The fallout from Google's decision to stop censoring its search results in China has brought a continued decline in the company's search business, according to a research firm. The search engine giant saw its market share drop 6.7 per cent in China for the second quarter, Analysys International said in a report on Wednesday. Google now holds 24.2 per cent of the Chinese market, a significant change from the end of 2009, when that number was 35.6 per cent.
Signs of Google losing its hold on the search market began when the company announced in January that it might possibly leave the Chinese market. By March, Google decided to stop censoring its search results in China, redirecting all users from its Google.cn page to its uncensored Hong Kong search engine. The actions worried Google's partners and advertisers, making some doubtful about whether they should continue business with the company.
That uncertainty continued earlier this summer, when users were left to wonder if Google could continue operating in China after the company's Internet Content Provider licence went up for renewal. To win over Chinese officials, Google began to stop automatically redirecting users from its Google.cn page to the company's Hong Kong search engine. Later in July, the Chinese government decided to renew the licence.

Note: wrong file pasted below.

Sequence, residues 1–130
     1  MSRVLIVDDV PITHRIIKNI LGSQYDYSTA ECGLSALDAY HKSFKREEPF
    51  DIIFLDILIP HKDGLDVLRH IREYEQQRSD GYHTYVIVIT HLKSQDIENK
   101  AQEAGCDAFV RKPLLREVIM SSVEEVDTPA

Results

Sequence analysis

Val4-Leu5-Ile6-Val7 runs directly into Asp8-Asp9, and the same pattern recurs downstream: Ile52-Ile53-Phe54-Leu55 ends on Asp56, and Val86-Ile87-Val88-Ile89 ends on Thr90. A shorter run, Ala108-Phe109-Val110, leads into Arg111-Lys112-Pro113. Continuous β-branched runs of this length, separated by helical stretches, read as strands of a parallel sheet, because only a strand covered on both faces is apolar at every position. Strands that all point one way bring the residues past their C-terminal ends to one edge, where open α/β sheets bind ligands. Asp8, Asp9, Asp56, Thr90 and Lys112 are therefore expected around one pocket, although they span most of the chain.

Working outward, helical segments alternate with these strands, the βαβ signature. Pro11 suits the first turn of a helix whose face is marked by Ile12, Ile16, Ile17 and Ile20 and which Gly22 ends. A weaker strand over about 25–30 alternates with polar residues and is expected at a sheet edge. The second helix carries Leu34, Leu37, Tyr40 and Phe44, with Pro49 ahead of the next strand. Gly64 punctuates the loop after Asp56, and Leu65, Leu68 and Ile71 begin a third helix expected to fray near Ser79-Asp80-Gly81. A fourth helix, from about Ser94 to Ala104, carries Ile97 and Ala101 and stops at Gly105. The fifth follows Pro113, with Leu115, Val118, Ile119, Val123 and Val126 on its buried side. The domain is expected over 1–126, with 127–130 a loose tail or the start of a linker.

Analysys attributes these factors as to why Google has seen its market share decrease. "However the prior uncertainty is now settled. Therefore, Google will again be able to forge ahead in the search engine market," the report added.
A Google spokeswoman said the company does not comment on market share, but added that Google's overall business in China grew from the first quarter to the second quarter. The spokesperson also said the company has noticed that many Chinese advertisers continue to use Google as a way to promote their companies abroad.
While Google's market share has fallen, its rival, Baidu, has seen its market share only increase. Now the company commands 70 percent of the search market, a historical high, notes Analysys. Earlier this year, Baidu's head noted that its business was seeing a "marginal benefit" following Google's decision to stop censoring results.